Rand Paul Says Inclusive, Flexible GOP Can Win Back Presidency
by John Gregory | 08/11/14 10:05 AM
Rand Paul says when he decided to run for the U.S. Senate, his wife wasn't excited by the idea, even though they thought he wouldn't be elected. Now that Sen. Paul is considering a run for President of the United States, he says the ramifications for him and his family are 100 times greater.
Whether that decision has actually been made, the Bowling Green ophthalmologist continues to lay the groundwork for a presidential bid. Last week, Paul made a 10-stop, 800-mile tour through Iowa. Two weeks before that trip, Paul talked with KET's Bill Goodman for a One to One program recorded at the Kentucky Chamber of Commerce's annual business summit in Louisville.
While the junior Senator is pleased to be leading among potential Republican contenders in some polls, Paul says he's not sure how much that really means two years before the election. As he travels to Iowa, New Hampshire, California and other key states testing the political waters, Paul says he talks about the same message that he often shares with Kentuckians.
"If you want more jobs, more prosperity, we need to leave more money in the private sector," Paul explains. "If you want Louisville to be more wealthy, to have more jobs, more money has got to remain in Louisville and less money needs to be sent to Washington."
Watch Rand Paul describe other potential candidates for the presidency in 2016.
Policy That Can Expand the GOP Base
Paul says Americans don't like the dysfunction of Washington politics and are looking for someone who can work with both political parties. He advocates for a new form of compromise where politicians who usually disagree on policy find one issue upon which they can agree and work to pass legislation on that.
For example, although Paul is a fierce opponent of Senate Majority Leader Harry Reid, he does support the Nevada Democrat's proposal to cut the tax rate on money that corporations normally keep overseas. (The proceeds, under Reid's plan, would shore up the federal highway trust fund.) Paul has also worked with New Jersey Sen. Cory Booker, another Democrat, on legislation to expunge nonviolent crimes from the records of juvenile offenders, as well as other criminal justice reforms.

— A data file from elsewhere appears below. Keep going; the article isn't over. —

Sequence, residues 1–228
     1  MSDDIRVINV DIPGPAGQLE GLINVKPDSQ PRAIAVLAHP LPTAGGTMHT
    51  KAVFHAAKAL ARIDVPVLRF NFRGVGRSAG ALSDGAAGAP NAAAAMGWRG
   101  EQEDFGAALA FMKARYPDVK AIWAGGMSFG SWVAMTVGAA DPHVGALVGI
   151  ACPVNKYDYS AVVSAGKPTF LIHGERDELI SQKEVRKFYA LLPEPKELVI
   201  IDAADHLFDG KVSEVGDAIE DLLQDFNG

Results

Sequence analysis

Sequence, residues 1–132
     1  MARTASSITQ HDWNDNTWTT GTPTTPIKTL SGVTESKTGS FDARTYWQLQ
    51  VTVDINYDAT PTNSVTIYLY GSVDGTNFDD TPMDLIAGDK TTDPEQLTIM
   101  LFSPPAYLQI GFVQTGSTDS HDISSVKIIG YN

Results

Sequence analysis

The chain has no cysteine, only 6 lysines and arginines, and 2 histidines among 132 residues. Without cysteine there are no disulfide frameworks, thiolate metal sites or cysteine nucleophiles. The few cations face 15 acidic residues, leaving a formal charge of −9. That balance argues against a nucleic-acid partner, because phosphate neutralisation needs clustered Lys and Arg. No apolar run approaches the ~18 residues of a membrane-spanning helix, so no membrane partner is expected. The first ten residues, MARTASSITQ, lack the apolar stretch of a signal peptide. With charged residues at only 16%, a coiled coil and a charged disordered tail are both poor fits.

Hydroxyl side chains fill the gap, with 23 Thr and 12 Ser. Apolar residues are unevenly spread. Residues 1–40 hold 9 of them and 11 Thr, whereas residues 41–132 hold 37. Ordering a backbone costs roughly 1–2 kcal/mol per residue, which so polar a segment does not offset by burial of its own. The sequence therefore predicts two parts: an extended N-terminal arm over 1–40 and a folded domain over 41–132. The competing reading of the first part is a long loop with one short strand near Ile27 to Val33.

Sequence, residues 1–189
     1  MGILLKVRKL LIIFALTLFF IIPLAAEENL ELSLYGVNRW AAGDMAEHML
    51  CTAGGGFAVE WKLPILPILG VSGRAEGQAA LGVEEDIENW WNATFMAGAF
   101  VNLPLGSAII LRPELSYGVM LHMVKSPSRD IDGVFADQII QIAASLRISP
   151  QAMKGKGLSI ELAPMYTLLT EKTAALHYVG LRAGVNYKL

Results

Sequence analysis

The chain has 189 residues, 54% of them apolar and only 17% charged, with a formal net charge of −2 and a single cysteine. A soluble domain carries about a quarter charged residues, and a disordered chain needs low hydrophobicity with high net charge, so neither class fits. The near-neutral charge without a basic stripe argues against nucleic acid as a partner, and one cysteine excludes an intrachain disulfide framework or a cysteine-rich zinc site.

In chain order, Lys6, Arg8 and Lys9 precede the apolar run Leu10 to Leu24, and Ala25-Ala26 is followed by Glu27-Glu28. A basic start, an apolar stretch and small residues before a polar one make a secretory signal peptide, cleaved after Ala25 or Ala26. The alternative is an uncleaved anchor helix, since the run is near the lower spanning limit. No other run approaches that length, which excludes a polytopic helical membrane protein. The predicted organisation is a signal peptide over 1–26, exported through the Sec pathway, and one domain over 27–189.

And earlier this year, Paul testified on behalf of bipartisan legislation in the Kentucky General Assembly to restore the voting rights of non-violent felons who have fully completed their sentences. He says these moves stem from his view that the war on drugs has been overdone and is unfairly applied to minorities. Paul sees his push to give non-violent drug offenders, many of whom are Black or Hispanic, a second chance as good policy for America and good politics for the Republican Party.
"When people hear me talk about criminal justice, I don't think many people doubt my sincerity, but I'm also honest enough to say, yes, I want African-American votes," Paul explains. "Am I doing this because I believe in it? Yes. Am I doing this because it's also good politics to say, we want more African-American votes and this is how I'm going to get it? Absolutely."
The Rand Paul Conundrum
Paul's efforts to expand the Republican base and take a different approach on issues don't always sit well with his GOP colleagues. Gerald Seib, Washington Bureau Chief of the Wall Street Journal, recently called Paul a "conundrum" for his party, especially in when it comes to foreign policy. Like most Republicans, Paul advocates for a strong military, but he also says he wants to cut foreign aid and stop sending troops into what he deems as other countries' civil wars.
The Kentucky senator argues that his ideas aren't a problem for the GOP, but where the party should be headed.
"The conundrum for the Republican Party writ large is, if you are going to stay the same, if you are not going to evolve, adapt, and become a bigger, better party, you will continue to lose [presidential elections]," Paul contends.
Another area that could benefit Republicans, according to Paul, is to finally address immigration. He argues for a secure border, coupled with work visas so immigrants can become taxpayers who support the American financial system, rather than simply become a drain on it.
This Year's Senate Race
Paul is closely watching Senior Sen. Mitch McConnell's reelection battle with Democrat Alison Lundergan Grimes. Paul says the Kentucky Secretary of State will have a difficult time convincing voters she won't support the attacks on the coal industry coming from President Obama and Sen. Reid.
Watch the full One to One conversation, and see what Paul has to say about other potential 2016 presidential candidates including Texas Senator Marco Rubio and former U.S. Secretary of State Hillary Clinton.